Step 7: Click on the blue Create button

Step 8: Give your rule a name

Use a descriptive name to quickly identify later on from which location the rule is excluding traffic. 

Step 9: Enter a default traffic_type_value 

The default traffic_type_value is internal. If you have only one location, keep it as it is. If you want to exclude more locations with another rule, you can change the value of this parameter. Use snake case, e.g.: main_street.

Step 10: Select your IP match type

You can choose from:

  • IP address is in range (CIDR notation)
  • IP address equals
  • IP address begins with
  • IP address ends with
  • IP address contains

Step 11: Enter the IP address(es)

In the field where you can enter the IP address, you can also see an example. This is particularly useful to see the correct syntax for a range of IP addresses. 

If you don’t know your IP address and you are doing this at the physical location you want to exclude, you can click on the link that says “What is my IP address”.

Step 12: Optional: enter more IP addresses

To add more values, click on Add condition.

Step 13: Create your Internal Traffic Rule

Click on the blue button Create in the top right corner. 

You have now completed the first step. 

Let’s proceed with the second one. 

How to set up a data filter in GA4 for internal traffic?

Once you have entered the IP addresses, you want to exclude internal traffic from in GA4, you need to create a data filter.

Step 1: Open the GA4 Admin settings

Click on the clog button in the left bottom corner. This will open your Administrator panel. 

Step 2: Click on Data Settings

You can find Data Settings in the second column that contains the settings on property level. 

Step 3: Click on Data Filters

The next screen contains an overview of all existing Data Filters for your property. 

Step 4: Click on the blue Create Filter button

Before you actually create an internal filter, check if the property doesn’t already contain one. 

If you have 10 data filters, you have to delete one of the other filters before you can create a new Internal Traffic filter.

Step 5: Choose Internal Traffic

You can see two options: 

  • Developer Traffic 
  • Internal Traffic. Choose this one.  

Step 6: Enter a unique Data filter name

Use a descriptive name that 

  • is not used for another data filter in the same GA4 property
  • begins with a Unicode letter
  • contains a maximum of 40 Unicode letters, numbers, spaces, and underscores

Step 7: Choose exclude as operator

Make sure you use exclude. Otherwise, you will still populate your property with data from internal traffic.

Step 8: Leave internal as value for parameter_name

Step 9: Choose a filter state

You can choose to set the filter to Testing, Active or Inactive

The smartest option is Testing. Once you are sure all works as expected, you can switch this state to Active.

Step 10: Click the Create button

Finally, click on the blue button in the top right corner.

How to exclude internal traffic without using GA4 filters?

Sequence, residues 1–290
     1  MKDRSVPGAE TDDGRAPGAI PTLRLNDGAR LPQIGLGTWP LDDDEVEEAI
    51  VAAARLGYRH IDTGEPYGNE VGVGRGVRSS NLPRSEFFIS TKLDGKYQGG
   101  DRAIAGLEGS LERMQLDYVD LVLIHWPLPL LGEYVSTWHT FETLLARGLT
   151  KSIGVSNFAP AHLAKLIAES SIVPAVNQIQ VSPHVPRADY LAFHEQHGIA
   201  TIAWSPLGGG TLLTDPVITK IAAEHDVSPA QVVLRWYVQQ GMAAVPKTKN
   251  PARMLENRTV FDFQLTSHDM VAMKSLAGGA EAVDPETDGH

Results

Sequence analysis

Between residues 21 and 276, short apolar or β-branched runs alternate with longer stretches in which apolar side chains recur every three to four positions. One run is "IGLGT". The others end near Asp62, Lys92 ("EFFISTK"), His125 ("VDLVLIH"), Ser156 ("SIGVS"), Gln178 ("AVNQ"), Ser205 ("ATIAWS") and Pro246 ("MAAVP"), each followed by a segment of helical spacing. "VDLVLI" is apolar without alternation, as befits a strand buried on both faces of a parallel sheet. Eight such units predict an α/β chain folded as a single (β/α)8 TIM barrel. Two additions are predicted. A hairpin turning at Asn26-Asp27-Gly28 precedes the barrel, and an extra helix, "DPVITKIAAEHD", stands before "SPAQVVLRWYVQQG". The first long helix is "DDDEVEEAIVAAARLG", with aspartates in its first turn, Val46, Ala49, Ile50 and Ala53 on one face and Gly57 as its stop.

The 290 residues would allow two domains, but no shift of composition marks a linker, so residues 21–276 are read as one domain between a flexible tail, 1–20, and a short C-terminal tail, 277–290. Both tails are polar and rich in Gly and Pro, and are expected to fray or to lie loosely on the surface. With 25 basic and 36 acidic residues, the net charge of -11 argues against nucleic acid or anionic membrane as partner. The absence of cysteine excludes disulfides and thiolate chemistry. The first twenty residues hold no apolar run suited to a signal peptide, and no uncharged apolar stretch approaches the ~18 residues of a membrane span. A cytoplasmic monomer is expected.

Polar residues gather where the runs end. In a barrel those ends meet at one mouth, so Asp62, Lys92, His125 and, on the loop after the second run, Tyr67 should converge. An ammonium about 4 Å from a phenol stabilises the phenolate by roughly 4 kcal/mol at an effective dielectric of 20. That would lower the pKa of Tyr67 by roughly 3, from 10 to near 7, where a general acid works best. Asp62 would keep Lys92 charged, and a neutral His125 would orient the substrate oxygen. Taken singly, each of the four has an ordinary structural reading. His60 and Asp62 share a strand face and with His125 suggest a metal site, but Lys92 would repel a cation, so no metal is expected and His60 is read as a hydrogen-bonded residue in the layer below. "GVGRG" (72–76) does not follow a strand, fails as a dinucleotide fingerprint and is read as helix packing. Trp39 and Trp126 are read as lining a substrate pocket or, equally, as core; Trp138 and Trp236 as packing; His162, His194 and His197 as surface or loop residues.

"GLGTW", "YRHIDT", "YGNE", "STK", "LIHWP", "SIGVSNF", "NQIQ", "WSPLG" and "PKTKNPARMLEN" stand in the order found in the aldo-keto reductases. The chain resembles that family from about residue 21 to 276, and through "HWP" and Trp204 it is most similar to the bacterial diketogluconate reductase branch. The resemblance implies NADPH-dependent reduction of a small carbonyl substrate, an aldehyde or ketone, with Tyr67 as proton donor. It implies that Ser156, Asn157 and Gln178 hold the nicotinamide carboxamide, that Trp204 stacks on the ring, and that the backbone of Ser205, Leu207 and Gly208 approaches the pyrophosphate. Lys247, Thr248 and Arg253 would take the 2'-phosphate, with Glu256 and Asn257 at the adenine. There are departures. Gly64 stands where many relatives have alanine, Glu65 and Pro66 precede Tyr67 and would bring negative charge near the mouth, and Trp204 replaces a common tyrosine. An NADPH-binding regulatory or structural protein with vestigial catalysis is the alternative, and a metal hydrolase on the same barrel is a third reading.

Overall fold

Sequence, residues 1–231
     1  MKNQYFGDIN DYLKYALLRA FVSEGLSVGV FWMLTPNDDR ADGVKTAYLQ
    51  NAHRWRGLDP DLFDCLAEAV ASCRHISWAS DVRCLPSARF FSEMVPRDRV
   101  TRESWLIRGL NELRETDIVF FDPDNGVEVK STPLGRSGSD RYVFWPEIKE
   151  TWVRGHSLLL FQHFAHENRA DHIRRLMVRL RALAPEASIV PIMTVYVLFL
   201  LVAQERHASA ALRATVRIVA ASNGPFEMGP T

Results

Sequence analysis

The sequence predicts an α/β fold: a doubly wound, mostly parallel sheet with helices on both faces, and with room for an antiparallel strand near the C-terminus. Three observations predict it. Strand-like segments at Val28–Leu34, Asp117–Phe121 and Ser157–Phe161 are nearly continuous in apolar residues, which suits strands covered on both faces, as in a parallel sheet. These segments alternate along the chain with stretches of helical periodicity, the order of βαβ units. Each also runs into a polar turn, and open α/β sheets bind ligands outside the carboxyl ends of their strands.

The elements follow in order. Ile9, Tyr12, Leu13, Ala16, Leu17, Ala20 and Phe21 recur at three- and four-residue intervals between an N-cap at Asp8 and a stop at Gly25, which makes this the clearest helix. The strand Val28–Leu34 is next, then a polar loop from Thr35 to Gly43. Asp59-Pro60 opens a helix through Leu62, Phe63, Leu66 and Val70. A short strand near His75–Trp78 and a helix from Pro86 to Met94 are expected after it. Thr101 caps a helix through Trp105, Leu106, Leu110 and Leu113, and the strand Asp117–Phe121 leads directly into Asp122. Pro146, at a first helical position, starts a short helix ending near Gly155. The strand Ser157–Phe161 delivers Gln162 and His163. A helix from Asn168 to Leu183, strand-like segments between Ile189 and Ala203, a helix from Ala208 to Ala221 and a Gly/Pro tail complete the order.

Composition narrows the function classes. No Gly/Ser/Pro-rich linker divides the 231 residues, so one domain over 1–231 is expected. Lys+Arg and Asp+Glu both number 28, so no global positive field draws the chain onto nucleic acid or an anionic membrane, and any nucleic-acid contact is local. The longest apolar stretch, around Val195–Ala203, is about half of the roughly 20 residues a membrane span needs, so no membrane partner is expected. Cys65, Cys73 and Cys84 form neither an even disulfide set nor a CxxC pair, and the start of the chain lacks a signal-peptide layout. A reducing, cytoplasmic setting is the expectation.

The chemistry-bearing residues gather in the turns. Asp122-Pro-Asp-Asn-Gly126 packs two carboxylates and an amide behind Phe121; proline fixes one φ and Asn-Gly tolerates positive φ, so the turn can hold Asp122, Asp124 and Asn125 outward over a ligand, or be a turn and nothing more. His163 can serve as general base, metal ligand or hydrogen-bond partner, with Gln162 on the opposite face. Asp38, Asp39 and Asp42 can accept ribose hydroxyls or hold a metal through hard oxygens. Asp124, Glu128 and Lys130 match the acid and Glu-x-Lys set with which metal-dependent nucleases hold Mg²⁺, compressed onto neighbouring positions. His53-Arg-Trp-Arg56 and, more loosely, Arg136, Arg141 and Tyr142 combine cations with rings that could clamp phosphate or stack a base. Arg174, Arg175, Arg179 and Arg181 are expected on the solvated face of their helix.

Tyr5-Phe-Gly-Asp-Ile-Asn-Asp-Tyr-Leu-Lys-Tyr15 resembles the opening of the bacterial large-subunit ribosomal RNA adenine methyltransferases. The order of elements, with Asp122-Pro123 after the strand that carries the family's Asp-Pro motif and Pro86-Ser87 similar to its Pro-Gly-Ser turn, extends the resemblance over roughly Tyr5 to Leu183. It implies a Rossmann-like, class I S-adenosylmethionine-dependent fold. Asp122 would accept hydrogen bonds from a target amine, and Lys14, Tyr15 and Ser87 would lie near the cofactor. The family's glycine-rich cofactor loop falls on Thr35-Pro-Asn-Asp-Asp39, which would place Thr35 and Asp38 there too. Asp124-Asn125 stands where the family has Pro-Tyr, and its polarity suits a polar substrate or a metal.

If you don’t want to share your office IP address(es) with Google Analytics, you can still exclude your internal traffic from your property. 

However, you can only hope that your team follows your guidelines about visiting your website. 

This is looking for trouble. Micromanagement wipes out all good intentions.

#1 Use a staging website 

A staging website is a copy of your website that is hidden from Google, and ideally password protected. 

#2 Block the GA4 script as end-user

There are several ways to block the GA4 script. I mention them in this article, but basically, you can use a privacy focused browser, browser extensions, or not click on accept analytics cookies. 

For a small team, this can work. For bigger teams, that is much harder to control. 

#3 Block your website in your office

Your IT department could block access to your website in your office(s). It is radical, but this may be the easiest way to set it up. 

Good to know too

What is the difference between Internal and Developer traffic filtering in GA4?

In Google Analytics 4, you can use two types of data filters. With one, you can exclude internal traffic to your website only. The other one is to exclude developer traffic to your website and app. 

What is the difference between a data filter and report filter in GA4?

Data filters have a permanent effect on your GA4 data. If you exclude events, you won’t ever see them appear in your reports. Report filters, on the other hand, temporarily hide data. Once you remove the filter, your report will show all the data again. 

Final note

I hope this article gives you a good understanding of internal traffic filters in Google Analytics 4. 

Whether you set it up or not, never jump to conclusions while dealing with your data. 

Because besides filters, GA4 offers you more options to control how you collect data. 


This is only the tip of the iceberg? Yes, but keep cool. 

Instead of figuring everything out, you can use our GA4 Toolbox with handy step-by-step guides like the ones above.